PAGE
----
Archive - Editorial
May 10th, 2009
Take all the bad news of the past year, roll it into a single package and what do you get? Ample cause for indigestion.
Want a tonic?
State budget talks broke down between legislative leaders and Gov. Douglas on Tuesday, tossing the Democratic leadership and the governor into a game of political chicken. The Democrats declared they would likely send out a budget of their own making and leave it to the governor to veto.
The ‘sexting’ story on today’s front page boggles the imagination of most of us over 40. Heck, I can’t figure out how to make my phone stop ringing when I don’t want to answer, let alone send a photo of myself to others — dressed or undressed!
December 30th, 2008
As the Vermont Legislature and the Douglas administration work to achieve a balanced budget in light of a significant downturn in revenues, an emphasis on increasing revenues needs to be matched with proposed cuts. That has not happened to date.
Vermont has a few weeks to get its wish list in order before the federal government hands out parts of a $400 billion stimulus plan to stem the national recession and prime the economic pump. Faced with thousands of layoffs in recent months throughout the state, Vermonters, no doubt, want to know what Gov.
Hey, it’s two weeks ’til Christmas and from the constant bleating of news reports 24/7, we all know that the world’s economy is on life support. So, what do we do … dig a hole and hide, or look around us and see what life has to offer? Well, as Annie said, “the sun will come out tomorrow” — in fact, it’s out there now.
It seems appropriate, in this coming year of change, to talk about establishing new traditions. That doesn’t mean tossing out the old, but rather making way for the changes that are ahead and learning how to embrace them with all the richness of family rituals.
I speak for many, as an adult with three grown daughters, to recognize that the holiday traditions we celebrated 20 years ago when they were young, giddy and true-believers, are much different today. Not yet the granddad and with daughters in the Rockies and further West, the four of us gather when we can and celebrate togetherness simply because we miss each other and rejoice in the bonding of just being together.
We ski. We run. We hike, bike, kayak, swim, water-ski, rock-climb or just hang on the porch and gab away the hours. This past January we had cause to go to Hawaii to see an uncle of mine married and be part of the wedding party. We all took time off from work and school (not an easy thing in itself) and spent the better part of a week playing on the shores of Oahu and being with family. We played in the surf, toured the island, paid $10 each to open a clam and see what type of pearl would be inside; two of us took surfing lessons after the other two had to get back to their respective responsibilities, and we all had a memorable time together.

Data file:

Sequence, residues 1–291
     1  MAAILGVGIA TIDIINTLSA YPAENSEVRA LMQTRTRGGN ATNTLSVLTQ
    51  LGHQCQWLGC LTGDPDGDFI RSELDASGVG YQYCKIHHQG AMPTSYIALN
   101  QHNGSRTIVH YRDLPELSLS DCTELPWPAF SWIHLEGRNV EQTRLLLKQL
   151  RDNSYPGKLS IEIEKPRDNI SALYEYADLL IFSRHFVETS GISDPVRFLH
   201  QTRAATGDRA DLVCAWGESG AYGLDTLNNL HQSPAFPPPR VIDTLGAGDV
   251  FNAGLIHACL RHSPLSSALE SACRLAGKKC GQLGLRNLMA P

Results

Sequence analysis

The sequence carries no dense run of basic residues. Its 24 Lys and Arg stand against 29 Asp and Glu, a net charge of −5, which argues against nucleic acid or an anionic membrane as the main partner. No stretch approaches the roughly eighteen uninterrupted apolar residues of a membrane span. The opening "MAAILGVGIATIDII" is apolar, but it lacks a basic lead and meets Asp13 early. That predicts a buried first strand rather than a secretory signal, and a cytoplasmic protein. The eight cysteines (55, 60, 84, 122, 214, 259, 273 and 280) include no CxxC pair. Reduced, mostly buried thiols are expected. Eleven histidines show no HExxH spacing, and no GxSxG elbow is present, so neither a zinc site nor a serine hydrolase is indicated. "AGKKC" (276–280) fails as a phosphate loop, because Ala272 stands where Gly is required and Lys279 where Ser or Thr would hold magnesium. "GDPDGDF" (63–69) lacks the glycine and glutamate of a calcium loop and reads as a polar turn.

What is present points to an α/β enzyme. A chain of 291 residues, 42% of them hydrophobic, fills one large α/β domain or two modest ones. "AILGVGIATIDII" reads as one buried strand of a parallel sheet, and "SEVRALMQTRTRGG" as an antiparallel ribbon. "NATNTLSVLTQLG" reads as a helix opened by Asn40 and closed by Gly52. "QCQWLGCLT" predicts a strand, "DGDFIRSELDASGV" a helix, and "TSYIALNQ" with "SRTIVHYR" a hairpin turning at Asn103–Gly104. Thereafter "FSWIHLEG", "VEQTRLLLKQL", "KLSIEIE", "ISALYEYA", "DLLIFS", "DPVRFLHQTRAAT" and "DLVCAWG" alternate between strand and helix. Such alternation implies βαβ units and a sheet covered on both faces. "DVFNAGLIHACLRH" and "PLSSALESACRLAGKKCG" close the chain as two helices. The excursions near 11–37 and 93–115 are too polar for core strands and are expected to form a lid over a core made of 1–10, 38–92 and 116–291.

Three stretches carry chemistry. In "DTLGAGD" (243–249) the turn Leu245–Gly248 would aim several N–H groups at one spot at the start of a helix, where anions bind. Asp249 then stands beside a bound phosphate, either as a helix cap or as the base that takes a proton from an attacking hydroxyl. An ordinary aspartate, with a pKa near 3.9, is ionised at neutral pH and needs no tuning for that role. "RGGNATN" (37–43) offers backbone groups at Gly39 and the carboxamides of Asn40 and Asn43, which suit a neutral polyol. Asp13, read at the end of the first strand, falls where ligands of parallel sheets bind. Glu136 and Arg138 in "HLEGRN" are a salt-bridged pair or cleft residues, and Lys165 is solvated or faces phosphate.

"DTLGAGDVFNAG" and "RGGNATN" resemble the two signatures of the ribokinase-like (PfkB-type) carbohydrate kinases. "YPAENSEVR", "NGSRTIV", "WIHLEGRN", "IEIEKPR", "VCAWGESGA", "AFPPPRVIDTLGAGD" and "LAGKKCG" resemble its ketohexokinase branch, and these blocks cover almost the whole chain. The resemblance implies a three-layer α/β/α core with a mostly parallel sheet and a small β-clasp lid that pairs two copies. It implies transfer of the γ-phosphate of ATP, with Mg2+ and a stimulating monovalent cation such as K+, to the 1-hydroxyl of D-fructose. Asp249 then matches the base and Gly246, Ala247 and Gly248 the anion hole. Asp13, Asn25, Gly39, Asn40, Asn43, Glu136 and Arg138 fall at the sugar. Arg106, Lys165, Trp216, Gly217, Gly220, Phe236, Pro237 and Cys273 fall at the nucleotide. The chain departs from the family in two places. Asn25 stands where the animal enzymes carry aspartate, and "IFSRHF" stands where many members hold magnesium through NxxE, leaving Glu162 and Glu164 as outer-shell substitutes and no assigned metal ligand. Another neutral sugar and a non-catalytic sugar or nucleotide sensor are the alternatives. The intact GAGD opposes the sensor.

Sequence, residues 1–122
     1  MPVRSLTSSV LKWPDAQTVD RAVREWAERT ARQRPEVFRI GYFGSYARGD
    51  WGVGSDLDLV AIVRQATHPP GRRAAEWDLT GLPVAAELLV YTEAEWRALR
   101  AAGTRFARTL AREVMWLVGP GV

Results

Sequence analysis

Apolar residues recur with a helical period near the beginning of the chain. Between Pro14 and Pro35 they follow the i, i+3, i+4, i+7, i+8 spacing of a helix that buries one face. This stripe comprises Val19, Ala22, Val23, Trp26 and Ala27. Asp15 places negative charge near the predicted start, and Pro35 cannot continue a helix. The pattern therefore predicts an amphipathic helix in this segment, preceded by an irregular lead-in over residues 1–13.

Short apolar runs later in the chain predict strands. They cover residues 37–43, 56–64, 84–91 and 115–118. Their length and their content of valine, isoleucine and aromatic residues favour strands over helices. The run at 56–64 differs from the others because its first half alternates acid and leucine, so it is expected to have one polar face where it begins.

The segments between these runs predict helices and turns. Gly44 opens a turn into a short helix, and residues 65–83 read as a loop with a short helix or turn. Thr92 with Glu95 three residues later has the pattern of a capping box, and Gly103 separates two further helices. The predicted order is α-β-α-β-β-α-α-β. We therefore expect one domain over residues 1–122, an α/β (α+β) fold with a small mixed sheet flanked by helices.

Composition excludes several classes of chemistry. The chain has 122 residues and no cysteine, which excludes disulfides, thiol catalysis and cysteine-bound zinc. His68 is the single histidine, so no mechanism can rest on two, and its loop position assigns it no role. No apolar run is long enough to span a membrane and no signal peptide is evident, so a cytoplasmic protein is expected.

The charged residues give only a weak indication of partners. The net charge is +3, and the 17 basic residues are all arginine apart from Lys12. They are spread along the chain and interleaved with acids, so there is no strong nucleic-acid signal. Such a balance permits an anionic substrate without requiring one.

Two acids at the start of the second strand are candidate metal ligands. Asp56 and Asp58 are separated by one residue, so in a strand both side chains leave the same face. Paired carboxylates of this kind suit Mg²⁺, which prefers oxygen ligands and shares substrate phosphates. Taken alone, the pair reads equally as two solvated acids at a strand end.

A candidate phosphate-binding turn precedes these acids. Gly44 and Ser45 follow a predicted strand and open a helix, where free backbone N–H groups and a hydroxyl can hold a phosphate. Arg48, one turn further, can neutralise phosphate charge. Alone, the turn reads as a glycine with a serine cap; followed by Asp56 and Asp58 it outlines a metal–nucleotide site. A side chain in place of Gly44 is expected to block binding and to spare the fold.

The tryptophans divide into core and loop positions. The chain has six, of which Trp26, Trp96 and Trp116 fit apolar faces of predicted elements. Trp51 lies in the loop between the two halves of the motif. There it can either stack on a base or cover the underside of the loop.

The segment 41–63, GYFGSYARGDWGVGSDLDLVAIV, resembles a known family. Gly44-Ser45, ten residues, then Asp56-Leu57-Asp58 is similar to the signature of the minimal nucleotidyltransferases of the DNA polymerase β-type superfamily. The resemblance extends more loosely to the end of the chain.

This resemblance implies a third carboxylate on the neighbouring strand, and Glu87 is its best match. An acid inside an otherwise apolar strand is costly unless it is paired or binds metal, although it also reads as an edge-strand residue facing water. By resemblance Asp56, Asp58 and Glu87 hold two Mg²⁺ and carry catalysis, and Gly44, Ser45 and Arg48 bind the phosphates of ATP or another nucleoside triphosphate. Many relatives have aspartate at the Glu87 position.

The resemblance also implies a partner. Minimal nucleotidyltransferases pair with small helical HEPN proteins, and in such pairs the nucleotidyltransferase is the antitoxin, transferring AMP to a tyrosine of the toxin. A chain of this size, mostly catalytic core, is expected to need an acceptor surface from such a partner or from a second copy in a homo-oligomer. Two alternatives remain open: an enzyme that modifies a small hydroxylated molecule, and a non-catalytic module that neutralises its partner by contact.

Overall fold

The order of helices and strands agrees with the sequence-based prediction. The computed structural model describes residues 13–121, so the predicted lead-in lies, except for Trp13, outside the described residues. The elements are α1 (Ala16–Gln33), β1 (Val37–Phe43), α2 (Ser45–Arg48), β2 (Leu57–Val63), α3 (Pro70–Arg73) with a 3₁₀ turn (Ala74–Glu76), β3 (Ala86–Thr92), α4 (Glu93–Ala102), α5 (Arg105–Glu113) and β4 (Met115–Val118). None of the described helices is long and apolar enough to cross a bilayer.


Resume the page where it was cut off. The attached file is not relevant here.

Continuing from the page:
Three months later, two daughters and I met in Big Sur, California to run in their first marathon along that spectacular coast to Carmel. We started the race together, ran stride for stride for those 26 miles and crossed the finish hand-in-hand triumphant over our heads. That night I treated them to cocktails at Carmel’s Highlands Lodge and saw a glorious, blazing orange sunset over the Pacific in country made famous by photographer Ansel Adams. It was an occasion not to forget.
Clippings article published Oct. 23, 2008
Let’s talk about editorials and this newspaper’s perspective over the past eight years.
Since 2000, this editor has been roundly criticized — and applauded — by readers reacting to editorials on the national or international scene. Many of those editorials have been about the elections with George W., about the invasion of Iraq, the economy, and what I have considered to be the misguided policies of the Bush administration.
Contrary to some publications, editorials are written with the premise of the piece clearly stated and one side of the issue boldly supported. Very few editorials are middle-of-the-road essays that point out both sides of the issue and let the reader decide which group of facts has the most validity. Picking one side of the issue and defending that point of view is precisely what editorials should do. And, yes, that means the editorials are biased. Of course they are. They reflect my research and my point of view. That doesn’t mean, however, they are not supported by facts or credible evidence that counters an opposing agenda.
But why write about those issues when that’s the purview of national publications, some critics ask, then suggest we write solely about local and state issues.
It’s a good point, and frankly, I would do my job better if I made it a priority to always include a local editorial to accompany any editorial on the world or national scene. Two shorter editorials would almost always be preferable.
But when the issues get mixed up with people’s emotional framework, rational discussion often falls by the wayside and partisan politics enters the fray. The strategic reasons for invading Iraq or not, for example, get lost within the emotional context of patriotism, God and country, and supporting the troops.